Hep C testing among baby boomers needs to improve to reduce sharps injury risk

Friday March 10 2017

Members of the baby boomer generation could be putting the health of their loved ones, as well as that of healthcare workers they come into contact with, at risk due to their apparent unwillingness to get tested for hepatitis C.

According to new research carried out in the US and published in the American Journal of Preventative Medicine, just 13.8 per cent of so-called baby boomers have undergone hepatitis C testing, despite their risk of having the virus being much higher than that of subsequent generations.

Although the new figures show that there has been a slight increase in the number of people getting tested for hepatitis C in recent years, as just 12.3 per cent of baby boomers had been tested for the disease in 2013, many could still be carrying it and spreading it unwittingly.

The report authors wrote: "These findings underscore the need for increased awareness for hepatitis C virus testing among healthcare providers and baby boomers, and other innovative strategies such as state-mandated hepatitis C finding."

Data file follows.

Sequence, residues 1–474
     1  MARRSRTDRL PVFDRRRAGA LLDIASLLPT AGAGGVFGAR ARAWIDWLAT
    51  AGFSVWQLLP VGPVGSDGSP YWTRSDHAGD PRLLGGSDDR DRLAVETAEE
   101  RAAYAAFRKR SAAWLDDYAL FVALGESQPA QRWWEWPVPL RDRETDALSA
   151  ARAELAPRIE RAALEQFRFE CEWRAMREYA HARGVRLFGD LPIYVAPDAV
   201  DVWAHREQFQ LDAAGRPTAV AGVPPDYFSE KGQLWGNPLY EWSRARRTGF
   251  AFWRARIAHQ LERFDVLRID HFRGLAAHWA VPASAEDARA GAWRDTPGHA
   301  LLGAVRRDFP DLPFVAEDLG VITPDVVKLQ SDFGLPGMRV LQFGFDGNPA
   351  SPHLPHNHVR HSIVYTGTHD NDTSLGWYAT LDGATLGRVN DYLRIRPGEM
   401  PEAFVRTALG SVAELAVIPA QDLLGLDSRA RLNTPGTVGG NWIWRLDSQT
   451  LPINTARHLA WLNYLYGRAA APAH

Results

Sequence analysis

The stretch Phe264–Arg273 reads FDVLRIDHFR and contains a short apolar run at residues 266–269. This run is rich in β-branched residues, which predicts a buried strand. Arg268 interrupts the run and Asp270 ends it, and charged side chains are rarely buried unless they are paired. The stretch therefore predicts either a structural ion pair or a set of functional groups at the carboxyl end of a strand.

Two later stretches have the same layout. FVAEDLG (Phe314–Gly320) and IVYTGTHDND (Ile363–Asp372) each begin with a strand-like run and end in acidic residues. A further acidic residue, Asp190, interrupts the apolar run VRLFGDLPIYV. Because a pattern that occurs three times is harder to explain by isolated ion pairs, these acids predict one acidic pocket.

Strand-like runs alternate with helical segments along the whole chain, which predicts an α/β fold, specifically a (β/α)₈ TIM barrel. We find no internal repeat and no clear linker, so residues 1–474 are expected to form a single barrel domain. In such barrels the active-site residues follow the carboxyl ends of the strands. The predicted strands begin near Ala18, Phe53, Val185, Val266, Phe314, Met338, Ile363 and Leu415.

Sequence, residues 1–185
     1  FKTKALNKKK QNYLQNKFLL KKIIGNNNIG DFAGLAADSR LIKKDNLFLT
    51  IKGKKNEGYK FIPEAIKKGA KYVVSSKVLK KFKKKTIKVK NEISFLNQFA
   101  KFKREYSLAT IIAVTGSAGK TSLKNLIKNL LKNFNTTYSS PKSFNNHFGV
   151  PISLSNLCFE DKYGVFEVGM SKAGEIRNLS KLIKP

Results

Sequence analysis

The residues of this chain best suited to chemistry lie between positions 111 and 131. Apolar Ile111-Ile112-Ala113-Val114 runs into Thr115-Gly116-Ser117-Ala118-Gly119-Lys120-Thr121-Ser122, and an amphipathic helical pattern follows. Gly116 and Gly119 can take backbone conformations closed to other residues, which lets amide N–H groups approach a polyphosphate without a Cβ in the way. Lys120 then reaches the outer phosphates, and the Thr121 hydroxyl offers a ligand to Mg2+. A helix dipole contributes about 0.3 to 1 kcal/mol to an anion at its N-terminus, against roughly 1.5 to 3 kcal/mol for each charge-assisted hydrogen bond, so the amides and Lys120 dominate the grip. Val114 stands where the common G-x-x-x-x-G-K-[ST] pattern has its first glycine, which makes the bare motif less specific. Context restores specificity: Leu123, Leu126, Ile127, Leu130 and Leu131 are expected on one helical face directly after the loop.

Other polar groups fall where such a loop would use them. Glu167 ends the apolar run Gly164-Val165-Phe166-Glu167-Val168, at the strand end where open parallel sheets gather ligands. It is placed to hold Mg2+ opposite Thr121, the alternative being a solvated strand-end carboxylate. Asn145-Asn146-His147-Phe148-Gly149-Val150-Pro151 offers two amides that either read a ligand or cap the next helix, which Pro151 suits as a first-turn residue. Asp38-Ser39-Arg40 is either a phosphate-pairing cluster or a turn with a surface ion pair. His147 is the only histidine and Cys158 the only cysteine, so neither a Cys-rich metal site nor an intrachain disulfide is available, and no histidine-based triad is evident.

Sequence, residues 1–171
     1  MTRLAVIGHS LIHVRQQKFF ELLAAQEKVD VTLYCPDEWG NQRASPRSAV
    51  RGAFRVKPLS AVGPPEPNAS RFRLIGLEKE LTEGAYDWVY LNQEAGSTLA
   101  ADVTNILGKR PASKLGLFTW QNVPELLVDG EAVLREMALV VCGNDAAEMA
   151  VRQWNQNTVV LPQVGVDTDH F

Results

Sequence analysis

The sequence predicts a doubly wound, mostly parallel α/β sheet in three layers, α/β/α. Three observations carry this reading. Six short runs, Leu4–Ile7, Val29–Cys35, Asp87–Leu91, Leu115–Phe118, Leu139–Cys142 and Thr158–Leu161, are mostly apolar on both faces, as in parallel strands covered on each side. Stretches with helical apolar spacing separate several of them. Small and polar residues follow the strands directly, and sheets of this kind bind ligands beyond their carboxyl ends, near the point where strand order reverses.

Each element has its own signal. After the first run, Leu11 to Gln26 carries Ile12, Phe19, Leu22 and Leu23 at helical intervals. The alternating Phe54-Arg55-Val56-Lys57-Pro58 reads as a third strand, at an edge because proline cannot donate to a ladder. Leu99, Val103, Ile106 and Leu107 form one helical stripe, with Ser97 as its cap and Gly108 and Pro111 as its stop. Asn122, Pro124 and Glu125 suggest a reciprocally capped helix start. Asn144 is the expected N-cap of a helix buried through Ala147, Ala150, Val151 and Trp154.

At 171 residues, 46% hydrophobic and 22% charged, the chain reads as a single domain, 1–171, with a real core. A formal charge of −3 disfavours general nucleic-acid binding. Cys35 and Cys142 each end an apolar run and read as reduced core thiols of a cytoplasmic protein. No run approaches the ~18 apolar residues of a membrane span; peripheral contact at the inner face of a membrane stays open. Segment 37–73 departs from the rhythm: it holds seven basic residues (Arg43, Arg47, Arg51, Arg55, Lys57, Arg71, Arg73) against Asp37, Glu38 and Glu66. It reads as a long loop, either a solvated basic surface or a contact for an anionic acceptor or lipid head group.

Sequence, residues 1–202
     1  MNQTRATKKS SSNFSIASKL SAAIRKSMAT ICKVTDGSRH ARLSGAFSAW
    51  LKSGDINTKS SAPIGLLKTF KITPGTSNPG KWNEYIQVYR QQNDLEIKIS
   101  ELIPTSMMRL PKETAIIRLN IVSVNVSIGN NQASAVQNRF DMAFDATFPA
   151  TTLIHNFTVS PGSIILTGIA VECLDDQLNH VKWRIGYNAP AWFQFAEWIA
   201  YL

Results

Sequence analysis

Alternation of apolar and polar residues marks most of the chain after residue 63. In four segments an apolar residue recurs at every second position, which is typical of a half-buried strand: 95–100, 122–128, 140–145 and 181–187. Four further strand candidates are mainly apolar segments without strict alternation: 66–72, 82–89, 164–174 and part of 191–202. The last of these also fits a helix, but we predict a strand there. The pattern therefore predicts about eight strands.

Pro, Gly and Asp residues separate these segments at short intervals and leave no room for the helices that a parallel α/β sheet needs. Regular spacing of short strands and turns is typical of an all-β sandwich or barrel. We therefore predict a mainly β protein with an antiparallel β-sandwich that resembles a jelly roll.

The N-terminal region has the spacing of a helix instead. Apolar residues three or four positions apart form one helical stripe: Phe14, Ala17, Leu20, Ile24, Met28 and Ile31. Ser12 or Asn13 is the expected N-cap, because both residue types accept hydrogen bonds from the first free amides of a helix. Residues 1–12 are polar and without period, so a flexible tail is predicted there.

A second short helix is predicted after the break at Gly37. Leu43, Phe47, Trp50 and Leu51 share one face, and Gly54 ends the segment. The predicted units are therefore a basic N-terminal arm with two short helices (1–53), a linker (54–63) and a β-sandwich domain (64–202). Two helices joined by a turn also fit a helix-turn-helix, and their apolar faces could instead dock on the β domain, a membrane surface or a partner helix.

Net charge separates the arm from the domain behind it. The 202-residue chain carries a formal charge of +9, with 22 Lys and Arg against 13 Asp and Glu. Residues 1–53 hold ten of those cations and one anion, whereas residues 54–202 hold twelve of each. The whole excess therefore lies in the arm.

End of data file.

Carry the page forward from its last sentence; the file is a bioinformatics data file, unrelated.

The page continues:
Not only can the virus be transmitted via sexual intercourse, but it can also be spread from person to person in a medical environment should a needlestick injury occur, consequently exposing the bloodstream to potentially harmful bacteria.

Therefore, US healthcare workers who need to administer injections to patients of this generation may wish to exercise extra care due to their potential higher risk of hepatitis C. 

This should involve following correct sharps safety procedures, as well as using specialist needle safety devices where possible to further reduce the risk of a needle injury occurring. These devices work by preventing a needle from being used more than once or from puncturing the skin if it is already broken.


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